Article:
Bryan delineates the various types of auctions. Almost half of all auction receipts today are derived from automotive sales, from police auctions to classic-car auctions. The fastest-growing auction category is real estate. (Looking to skip town? Auction your house and all its contents in one day.) Yet the old standbys—household auctions, collectibles/antiques auctions, farm auctions—are still as common as horseflies. Hundreds of auctions are listed on a website called midwestauctions.com. And in northwestern Minnesota, Bryan jokes, the only reason some people subscribe to the Fargo Forum newspaper is to get the Friday “green section,” where the auction notices appear.
In the summer, the Lonskis try to hit several auctions a month. And yes, from bathroom fixtures to bedroom dressers to the antique diamond ring on Janet’s finger, the stuff of other people’s lives now figures prominently in their own. They tell auction stories the way others here boast of landing 50-pound muskies. For instance, there’s the one about the shabby-chic chest that graces their breakfast nook. It was the end of an auction, when stuff goes fast and cheap because the auctioneer wants to hit the fishing hole before dusk. “I’d give $150 for that,” Janet told Bryan when she spied the chest. Bryan bid so fast—and the auctioneer declared “Sold!” so quickly—that it was all over in a blink. “A woman whirled around and said, ‘Oh my gosh, I wanted that,’” recalls Bryan. But it was too late. The Lonskis got the chest for $1.
But auctions can also make a stoic Scandinavian farmer go to pieces. The Lonskis once bought an antique dresser at auction for $15 and discovered a hula dancer figurine and lei attached to it—souvenirs from the erstwhile owner’s honeymoon. Janet tried to return them to her, but the woman had Alzheimer’s disease and didn’t understand. The dresser itself, the Lonskis learned, was a wedding gift from 1910. “It’s really sort of intrusive,” Janet says. For unless someone has thoughtfully sifted through the estate beforehand, everything goes up for sale. “If the family isn’t interested,” Bryan says, “they could be auctioning off your underwear.”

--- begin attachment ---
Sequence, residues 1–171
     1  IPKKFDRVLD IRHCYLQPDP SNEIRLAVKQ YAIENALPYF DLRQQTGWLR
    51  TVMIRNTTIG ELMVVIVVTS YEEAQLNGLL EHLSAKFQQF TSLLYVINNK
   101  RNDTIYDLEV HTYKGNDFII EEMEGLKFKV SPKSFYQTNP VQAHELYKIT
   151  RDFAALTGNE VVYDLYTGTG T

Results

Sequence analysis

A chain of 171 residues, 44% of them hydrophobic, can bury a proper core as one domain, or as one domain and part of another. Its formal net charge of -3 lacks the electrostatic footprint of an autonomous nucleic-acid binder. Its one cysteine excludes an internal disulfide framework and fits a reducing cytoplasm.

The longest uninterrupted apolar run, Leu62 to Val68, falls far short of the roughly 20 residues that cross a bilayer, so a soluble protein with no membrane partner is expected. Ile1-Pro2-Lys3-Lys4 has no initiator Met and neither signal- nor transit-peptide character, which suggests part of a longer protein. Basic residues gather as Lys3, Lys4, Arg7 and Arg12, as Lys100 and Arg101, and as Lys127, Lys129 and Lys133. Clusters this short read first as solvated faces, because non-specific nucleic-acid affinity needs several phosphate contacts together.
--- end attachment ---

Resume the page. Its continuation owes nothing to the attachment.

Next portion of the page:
Often, however, the owners are in the audience, watching as the possessions of a lifetime are sold off, one tchotchke at a time. Often, too, they are newly alone in the world: a husband has passed on, a wife has gone to the nursing home, a divorce has sent someone packing. “The end of somebody’s love story,” says Bryan, “is the beginning of the auction.”
THE NEXT MORNING, we drive in Bryan’s Cadillac (bought on eBay) to Fergus Falls, where one of his favorite auctioneers, Cary Aasness, is running a collectibles auction at the Elks Event Center. Aasness grew up a farm kid who practiced his “chant”—what auctioneers call their rapid-fire bid calling—while sitting on the family tractor. And in the truck he drove at college. And pretty much everywhere else. “Used to drive my family crazy,” he says. So much depends on a good chant; Aasness still practices his every day. “It’s a motivational tool, a communicating tool, and a sales tool all in one,” he says with a grin. “You kind of hypnotize them a little.”